When Peggy Reese heard about children taking ketchup packets home from school and using them to make soup, she knew she had to do something.
She began gathering food for a local elementary school to send home with students experiencing food insecurity on the weekends to ensure they would have meals. Her daughter, a backpack designer in California, donated bags for the children to carry the food in. Reese’s neighbors and friends began helping as well, donating food and money to the cause.
Reese called her efforts the “Still Cool After School” program. The program started at the end of 2010 and about a year into it, Reese was filling 20 backpacks in her garage each week to be delivered to one school in Cache Valley. Since then, the Cache Community Food Pantry has partnered with her to help administer the program which now feeds over 280 students at 13 schools.
“It is exciting that we are able to serve so many kids,” Reese said.
After nearly a decade of organizing and coordinating the backpack program, Reese will now be retiring from this work. She said her current assignment in her church congregation demands a lot of her time. Although she will be significantly less involved in the program, the work of hunger advocacy will always be important to her.
Sue Sorenson, the current principal at Wilson Elementary School and a former principal at Ellis Elementary, was one of the first administrators to work with Reese. She said the program was exactly what the students at her school needed.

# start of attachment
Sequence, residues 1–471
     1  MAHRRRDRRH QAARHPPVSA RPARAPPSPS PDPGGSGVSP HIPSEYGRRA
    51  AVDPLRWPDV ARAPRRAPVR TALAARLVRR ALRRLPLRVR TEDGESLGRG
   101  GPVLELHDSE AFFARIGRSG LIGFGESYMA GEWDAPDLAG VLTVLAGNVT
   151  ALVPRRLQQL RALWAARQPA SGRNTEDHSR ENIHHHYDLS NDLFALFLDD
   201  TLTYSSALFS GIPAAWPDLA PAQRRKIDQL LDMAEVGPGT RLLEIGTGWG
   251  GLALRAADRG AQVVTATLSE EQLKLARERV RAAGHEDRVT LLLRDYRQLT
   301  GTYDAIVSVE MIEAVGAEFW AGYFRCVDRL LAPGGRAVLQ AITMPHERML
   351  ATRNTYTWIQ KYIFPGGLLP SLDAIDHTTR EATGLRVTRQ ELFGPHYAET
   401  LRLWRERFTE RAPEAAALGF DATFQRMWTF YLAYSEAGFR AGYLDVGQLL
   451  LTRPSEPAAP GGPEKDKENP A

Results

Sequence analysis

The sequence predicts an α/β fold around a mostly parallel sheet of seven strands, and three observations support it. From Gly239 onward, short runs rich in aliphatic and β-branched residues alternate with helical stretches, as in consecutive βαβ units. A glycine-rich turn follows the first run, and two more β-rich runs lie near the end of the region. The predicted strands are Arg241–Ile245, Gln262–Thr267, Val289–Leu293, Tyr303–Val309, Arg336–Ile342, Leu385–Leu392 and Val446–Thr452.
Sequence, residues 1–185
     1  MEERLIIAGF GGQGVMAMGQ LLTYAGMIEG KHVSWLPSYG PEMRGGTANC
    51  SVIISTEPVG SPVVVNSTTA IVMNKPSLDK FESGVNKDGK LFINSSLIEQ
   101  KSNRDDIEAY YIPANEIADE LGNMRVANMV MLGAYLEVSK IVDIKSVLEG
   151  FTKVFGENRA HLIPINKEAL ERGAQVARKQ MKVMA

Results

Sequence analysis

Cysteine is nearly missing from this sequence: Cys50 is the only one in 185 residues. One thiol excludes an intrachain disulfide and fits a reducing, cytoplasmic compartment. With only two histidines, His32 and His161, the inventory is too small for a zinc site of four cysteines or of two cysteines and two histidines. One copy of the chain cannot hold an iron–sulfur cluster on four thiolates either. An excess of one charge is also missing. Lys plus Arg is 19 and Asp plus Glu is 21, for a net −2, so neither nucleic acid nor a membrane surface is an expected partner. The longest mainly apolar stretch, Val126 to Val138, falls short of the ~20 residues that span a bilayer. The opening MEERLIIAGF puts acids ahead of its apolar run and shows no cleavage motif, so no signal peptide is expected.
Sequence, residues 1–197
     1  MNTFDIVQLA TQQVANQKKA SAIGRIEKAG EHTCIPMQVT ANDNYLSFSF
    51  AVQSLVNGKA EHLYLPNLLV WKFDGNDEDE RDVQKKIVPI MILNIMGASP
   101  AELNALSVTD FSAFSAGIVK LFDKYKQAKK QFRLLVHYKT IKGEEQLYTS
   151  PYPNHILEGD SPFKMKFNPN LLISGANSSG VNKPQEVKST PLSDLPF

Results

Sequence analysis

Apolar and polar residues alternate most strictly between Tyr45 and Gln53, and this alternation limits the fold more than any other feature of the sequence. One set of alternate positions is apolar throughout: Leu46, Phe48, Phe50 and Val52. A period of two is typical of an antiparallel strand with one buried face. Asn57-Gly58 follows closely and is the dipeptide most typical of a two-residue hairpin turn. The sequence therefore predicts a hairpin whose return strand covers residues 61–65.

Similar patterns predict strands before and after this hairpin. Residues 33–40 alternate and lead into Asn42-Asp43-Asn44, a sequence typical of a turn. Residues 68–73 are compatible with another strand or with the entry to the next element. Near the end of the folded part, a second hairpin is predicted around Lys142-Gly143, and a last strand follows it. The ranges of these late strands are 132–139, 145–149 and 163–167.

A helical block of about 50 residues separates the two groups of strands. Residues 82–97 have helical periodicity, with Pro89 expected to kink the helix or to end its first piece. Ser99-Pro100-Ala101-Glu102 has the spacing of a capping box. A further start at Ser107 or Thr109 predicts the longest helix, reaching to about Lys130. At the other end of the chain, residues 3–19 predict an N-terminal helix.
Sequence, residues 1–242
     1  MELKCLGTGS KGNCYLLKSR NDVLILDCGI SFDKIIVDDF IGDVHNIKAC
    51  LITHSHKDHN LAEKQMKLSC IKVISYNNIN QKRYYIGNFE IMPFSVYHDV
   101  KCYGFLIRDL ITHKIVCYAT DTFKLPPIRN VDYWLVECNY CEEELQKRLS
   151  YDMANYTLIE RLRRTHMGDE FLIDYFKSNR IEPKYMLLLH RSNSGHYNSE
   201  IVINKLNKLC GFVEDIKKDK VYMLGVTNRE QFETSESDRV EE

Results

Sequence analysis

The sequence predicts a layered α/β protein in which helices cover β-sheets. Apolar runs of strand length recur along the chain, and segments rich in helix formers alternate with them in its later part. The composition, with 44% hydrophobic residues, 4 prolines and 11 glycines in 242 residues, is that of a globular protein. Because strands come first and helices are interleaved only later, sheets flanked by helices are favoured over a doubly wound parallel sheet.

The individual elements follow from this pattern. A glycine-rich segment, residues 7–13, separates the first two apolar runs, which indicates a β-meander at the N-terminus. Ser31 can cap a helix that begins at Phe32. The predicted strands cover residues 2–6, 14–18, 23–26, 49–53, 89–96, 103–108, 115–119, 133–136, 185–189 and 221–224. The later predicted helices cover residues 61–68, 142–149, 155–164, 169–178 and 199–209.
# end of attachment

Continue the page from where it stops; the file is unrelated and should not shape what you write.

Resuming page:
“If your basic needs aren’t met, it is really hard to focus on math facts,” Sorenson said.
Sorenson referenced the old African proverb, “it takes a village to raise a child,” in describing Reese’s work, which Sorenson said is an example of the difference one person’s passion can make.
“Peggy is a hero for this community,” she said.
Michelle Welch is a member of the social justice committee at St. Thomas Aquinas. After hearing about Reese’s program, she and other members of the committee wanted to help. Their group of volunteers is in charge of food distribution for Wilson Elementary.
“Peggy brought a lot of great energy to this program. It was something she really took to heart and wanted to see grow,” Welch said.
As the program continues to expand, Welch said both in-kind and monetary donations are very important to make sure it continues. According to Jake Netzley of the Cache Community Food Pantry, it costs about $15,000 for the pantry to administer the program each year.
Welch said the donations for the program are not keeping up with the growing demand and she hopes community members would be willing to change that.
According to Netzley, this community involvement is what leads to real change.
“We could try to do it ourselves, but without the community involvement, without people being proactive and looking for different ways to help and things like that, we are not going to grow. We are not going to make a dent in the problem,” Netzley said.
People can support the program by buying prepackaged meals at Macey’s in Providence or by donating money or specific food items that are put in the backpacks to the food pantry.
Netzley said monetary donations are the most helpful because it makes it easier to ensure food is used before the expiration date. The program is also in need of volunteers who can help with packing the food and delivering it to schools. For more information or to help, visit cachefoodpantry.com or call (435)753-7140.